All news from Anaesthesiology

Time Not Only Factor In Emergency Care

Researchers have been taking a closer look at what happens in the brain during and after a stroke, particularly at patterns of blood circulation. We need to rethink a basic rule that has guided stroke care for the past 25 years, declares the brain specialist who first proposed it. The study was published in the Journal of Stroke & Cerebrovascular Diseases. 

A stroke occurs when the blood supply to a part of the brain stops and cells begin to die due to lack of oxygen and nutrients. There are two main types of stroke: ischemic and hemorrhagic. Ischemic strokes, which result from clots or blood vessel constrictions, are by far the most common. Hemorrhagic strokes occur when vessels burst.

Most Powerful Electron Microscope Can Capture Objects Of Picometres In Size

Two Nobel laureates launched what has been dubbed “Australia’s most advanced electron microscope” at the University of Sydney’s Nanoscience Hub this week. The 4.5 m tall Thermo Fisher Themis-Z transmission electron microscope is so powerful it can capture objects that are mere picometres in size or one trillionth of a meter.

It can see down to levels of about 0.06 nanometers, which is about half the size of a hydrogen atom,” said New South Wales Chief Scientist and Engineer Professor Hugh Durrant-Whyte at the launch event.

Regional Anesthetic Technique Increased The Rate Of Surgery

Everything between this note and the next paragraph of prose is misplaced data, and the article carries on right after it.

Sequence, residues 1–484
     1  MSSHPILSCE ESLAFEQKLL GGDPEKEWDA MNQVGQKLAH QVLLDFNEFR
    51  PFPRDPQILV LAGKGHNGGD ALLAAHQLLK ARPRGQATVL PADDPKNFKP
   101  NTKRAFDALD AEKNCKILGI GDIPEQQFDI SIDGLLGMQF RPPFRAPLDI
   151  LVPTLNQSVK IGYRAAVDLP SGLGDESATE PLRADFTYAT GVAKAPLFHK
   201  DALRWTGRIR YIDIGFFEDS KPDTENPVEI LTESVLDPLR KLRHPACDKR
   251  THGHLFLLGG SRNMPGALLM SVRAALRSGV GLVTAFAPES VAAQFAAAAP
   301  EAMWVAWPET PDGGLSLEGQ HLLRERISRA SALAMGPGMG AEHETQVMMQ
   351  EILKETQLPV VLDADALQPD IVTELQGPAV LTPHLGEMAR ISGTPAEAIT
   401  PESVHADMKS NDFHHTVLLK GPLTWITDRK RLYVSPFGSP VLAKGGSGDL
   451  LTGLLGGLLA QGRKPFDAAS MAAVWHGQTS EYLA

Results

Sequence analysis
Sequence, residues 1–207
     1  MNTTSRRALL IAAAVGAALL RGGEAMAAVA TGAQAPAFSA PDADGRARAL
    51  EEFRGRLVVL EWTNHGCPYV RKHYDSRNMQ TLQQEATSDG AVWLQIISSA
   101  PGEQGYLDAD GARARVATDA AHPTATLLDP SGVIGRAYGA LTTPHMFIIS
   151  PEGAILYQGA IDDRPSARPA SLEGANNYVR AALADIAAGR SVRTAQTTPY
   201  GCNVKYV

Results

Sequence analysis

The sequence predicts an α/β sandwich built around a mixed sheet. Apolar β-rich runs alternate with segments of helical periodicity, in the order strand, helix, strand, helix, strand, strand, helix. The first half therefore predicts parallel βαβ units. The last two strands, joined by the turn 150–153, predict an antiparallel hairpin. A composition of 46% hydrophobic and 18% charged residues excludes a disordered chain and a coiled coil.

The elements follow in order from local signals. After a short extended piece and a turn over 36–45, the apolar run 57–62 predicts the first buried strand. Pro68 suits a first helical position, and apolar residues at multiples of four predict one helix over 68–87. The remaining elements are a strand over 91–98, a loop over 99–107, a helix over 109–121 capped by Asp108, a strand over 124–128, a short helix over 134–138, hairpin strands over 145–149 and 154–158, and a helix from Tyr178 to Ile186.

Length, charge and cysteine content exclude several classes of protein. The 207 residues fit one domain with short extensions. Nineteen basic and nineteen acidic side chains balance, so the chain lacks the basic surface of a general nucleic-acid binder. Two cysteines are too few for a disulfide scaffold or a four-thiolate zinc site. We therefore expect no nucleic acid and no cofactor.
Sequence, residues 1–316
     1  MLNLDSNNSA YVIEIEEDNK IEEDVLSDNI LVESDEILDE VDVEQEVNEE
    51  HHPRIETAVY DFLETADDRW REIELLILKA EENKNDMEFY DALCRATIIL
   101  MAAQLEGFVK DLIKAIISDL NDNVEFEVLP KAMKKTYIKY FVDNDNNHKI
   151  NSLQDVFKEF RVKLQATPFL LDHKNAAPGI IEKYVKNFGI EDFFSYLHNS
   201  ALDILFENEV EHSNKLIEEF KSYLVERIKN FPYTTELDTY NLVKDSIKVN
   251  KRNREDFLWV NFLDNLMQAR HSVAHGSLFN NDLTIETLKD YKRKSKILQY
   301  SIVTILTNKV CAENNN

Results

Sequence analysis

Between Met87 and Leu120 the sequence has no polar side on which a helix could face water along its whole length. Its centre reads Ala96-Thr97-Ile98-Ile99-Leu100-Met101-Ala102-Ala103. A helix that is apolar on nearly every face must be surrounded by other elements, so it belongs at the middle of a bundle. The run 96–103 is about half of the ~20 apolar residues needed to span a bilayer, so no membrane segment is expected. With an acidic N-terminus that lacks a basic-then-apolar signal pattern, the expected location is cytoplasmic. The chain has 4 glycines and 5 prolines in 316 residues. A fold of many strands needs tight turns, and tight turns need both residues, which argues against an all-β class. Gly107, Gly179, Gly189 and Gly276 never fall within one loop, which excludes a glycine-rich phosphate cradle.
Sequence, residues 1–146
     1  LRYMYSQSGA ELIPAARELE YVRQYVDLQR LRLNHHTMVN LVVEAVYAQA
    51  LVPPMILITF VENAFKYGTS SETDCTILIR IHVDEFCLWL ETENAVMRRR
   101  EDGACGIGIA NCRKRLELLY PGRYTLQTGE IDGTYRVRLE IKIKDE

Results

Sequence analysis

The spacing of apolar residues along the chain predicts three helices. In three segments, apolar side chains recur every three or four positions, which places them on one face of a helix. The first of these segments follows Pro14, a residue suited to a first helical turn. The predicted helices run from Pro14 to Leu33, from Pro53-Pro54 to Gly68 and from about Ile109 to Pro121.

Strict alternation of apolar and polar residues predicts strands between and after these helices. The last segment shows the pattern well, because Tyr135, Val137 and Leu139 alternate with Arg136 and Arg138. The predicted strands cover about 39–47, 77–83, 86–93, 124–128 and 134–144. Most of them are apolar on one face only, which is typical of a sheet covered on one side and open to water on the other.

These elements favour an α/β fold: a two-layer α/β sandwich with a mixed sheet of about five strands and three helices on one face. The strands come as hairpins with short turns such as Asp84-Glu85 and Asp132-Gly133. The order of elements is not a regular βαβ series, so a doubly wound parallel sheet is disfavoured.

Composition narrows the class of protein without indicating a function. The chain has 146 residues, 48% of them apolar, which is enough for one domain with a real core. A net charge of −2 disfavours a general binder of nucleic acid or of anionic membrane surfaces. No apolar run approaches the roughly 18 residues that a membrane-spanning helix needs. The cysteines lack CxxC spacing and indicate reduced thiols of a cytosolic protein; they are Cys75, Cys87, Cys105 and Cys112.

Regional anesthetic technique increased the success of surgery even one year after the procedure, according to a study comparing regional anesthetic and local anesthetic technique at the time of surgery. Researchers investigators examined patients who received a surgically created fistula to enable dialysis for end-stage kidney disease. The study was published in The Lancet.

Molecules May Increase Cardiovascular Risk From Early Life Stress

The release of "danger" molecules in response to significant periods of mental stress early in life may leave young people at lifelong risk of cardiovascular disease. They know mental stress is bad for the cardiovascular system.

They want to know more about how it's bad. They think one answer is DAMPs, or damage (AKA "danger") associated molecular patterns. Stressed and dying cells regularly empty their contents or DAMPs.

Align Body's Internal Clock: Researchers Say

Researchers have linked circadian health to the risk of diabetes, cardiovascular disease, and neurodegeneration. It’s also known that the timing of meals and medicines can influence how they are metabolized.

Body’s internal clock, the circadian rhythm regulates an enormous variety of processes: when you sleep and wake, when you’re hungry, when you’re most productive. Given its palpable effect on so much of our lives, it’s not surprising that it has an enormous impact on our health as well.

ER Stress Drives Lipogenesis and Steatohepatitis via Caspase-2 Activation of S1P

Researchers have discovered using mice and human clinical specimens, that caspase-2, a protein-cleaving enzyme, is a critical driver of non-alcoholic steatohepatitis (NASH), a chronic and aggressive liver condition.

By identifying caspase-2's critical role, they believe an inhibitor of this enzyme could provide an effective way to stop the pathogenic progression that leads to NASH and possibly even reverse early symptoms. The findings are published in the September 13 online issue of Cell.